Kristan Higgins. Her books always feel very whimsical and funny. Her latest book, Somebody to Love has that same feel to it.
Parker Welles has always lived the good life. But she works really hard to not let family wealth go to her head. Just ignore the fact that she lives in a mansion, has a trust fund, has never really lived independent from her emotionally distant father Harry, and donates all the proceeds from her children's books to charity. Ignore all of that because she is just like everybody else. Right!! With that side of her life, it's hard to feel sorry for Parker. But after 50 pages you do. She has an adorable son Nicky. She has a great relationship with her son's father Ethan and his wife Lucy, who just happens to be her best friend, but the rest of Parker's family is a work in progress.
Her mother Althea, long-since divorced from Harry, bounces from rich husband to rich husband. Althea wants Parker to latch on to a rich man, rather than marry for love. Parker's cousins or the "Coven," as they are more commonly known, have their own circle and Parker isn't included. It's also been years since Parker has been in a relationship. A one-night fling several years ago with her father's lawyer, James Cahill (a.k.a. Thing One) was a great distraction, but ultimately a mistake in Parker's eyes. Why a mistake? Sure she spends so much time calling him "Thing One," that I thought it was his real name. But her father has had so many lawyers over the years, it's so much easier to call him "Thing One." As the book moves along, that nickname is more of a term of endearment.
Parker's world is thrown for a loop when her father, a Bernie Madoff-type, loses the family fortune, including her trust fund. It's a big betrayal, but Parker really has to grow up. All she has left is $11,000 in her checking account and a lake house in Maine left to Parker by a distant relative. First off, I would love to have $11,000 in my checking account, but to Parker it's rather meager. Maybe the house can be flipped and Parker can be flush with cash. But that's not meant to be since the house is falling apart and full of crap. Thing One, who just happens to be a carpenter in addition to being a lawyer, lends a hand. But Parker questions his motives. Is his presence genuine or at the bidding of Harry, who is now in prison?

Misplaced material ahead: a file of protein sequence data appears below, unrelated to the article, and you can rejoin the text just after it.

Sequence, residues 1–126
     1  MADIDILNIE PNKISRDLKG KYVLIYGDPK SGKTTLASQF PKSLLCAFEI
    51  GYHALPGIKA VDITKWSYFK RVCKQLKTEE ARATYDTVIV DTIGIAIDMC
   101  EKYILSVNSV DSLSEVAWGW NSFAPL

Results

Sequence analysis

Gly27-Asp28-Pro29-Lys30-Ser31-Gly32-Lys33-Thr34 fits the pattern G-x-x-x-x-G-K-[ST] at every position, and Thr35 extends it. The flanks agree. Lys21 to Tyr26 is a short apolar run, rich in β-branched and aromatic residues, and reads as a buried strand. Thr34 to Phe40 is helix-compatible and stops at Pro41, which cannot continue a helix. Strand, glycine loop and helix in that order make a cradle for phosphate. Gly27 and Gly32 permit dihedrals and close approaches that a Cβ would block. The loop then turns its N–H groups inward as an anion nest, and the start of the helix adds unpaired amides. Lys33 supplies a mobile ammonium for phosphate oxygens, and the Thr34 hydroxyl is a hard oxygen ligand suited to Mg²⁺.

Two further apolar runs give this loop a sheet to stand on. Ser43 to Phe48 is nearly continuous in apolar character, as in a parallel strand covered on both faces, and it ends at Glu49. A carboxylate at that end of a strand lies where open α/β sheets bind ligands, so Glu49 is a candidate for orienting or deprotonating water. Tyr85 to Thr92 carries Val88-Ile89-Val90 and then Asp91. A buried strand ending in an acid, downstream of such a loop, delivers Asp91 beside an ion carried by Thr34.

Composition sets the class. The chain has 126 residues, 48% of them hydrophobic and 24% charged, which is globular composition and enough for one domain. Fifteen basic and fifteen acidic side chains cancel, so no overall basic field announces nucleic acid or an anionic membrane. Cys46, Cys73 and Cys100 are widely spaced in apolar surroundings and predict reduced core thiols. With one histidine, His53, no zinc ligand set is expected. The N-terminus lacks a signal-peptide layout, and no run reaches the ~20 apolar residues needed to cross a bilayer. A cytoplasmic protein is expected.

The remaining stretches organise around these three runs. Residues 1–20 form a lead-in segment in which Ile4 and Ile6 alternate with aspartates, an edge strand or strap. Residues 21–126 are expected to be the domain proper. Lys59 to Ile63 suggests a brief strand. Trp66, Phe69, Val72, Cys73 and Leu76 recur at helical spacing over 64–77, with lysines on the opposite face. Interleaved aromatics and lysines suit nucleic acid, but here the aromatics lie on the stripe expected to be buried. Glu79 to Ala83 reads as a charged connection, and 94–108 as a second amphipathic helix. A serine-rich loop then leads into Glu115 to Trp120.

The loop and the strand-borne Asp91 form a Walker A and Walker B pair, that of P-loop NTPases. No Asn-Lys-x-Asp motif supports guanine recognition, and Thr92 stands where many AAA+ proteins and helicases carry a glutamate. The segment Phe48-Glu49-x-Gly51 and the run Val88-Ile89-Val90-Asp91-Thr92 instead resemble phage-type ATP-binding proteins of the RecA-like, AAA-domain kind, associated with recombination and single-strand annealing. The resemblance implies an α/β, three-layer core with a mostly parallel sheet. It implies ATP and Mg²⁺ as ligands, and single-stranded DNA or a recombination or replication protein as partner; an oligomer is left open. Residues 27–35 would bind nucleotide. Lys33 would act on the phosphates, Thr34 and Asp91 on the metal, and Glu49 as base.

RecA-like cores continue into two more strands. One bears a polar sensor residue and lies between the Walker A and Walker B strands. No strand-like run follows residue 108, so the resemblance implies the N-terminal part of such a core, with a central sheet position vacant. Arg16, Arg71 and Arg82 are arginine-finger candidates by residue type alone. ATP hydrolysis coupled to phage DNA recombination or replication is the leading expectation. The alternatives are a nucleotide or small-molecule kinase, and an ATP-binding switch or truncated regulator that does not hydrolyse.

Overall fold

It's hard to see James as anything other than her father's minion. Whenever her father couldn't make a family event, which was often, James was thrust into duty. Even the birth of Nicky couldn't drag Harry away from the boardroom. Despite his job, James always felt an emotional pull toward Parker. He sees something good in her, even if her own father can't.
Working side-by-side on the house is good and bad for Parker and James. James gets a chance to return to his Maine roots, and a chance to mend fences with his estranged family. He gets to do something that doesn't entail following Harry around. Parker gets a chance to see what she's made of not having to rely on her father's money. She gets a job at the local flower shop, run by her older cousin Lavinia. She's finally finds a job she enjoys, despite the hijinks from Lavinia. The "orchids" in the back are actually another plant. Here's a hint the plant is illegal in most states. I could read a book about Lavinia's character all day. When she's not cracking jokes, Lavinia is bragging about her sex drive. Of course there is sexual tension between Parker and James. But is it right to give into those feelings? How long can it last? Will he get along with Nicky? Why should James get involved with a woman who is emotionally unavailable? Is it worth it to get their hearts broken? All of the great elements you would expect from a Kristan Higgins book.
Note: I received a copy of the book from Little Bird Publicity in exchange for an honest review.
Monthly Rewind: April 2016
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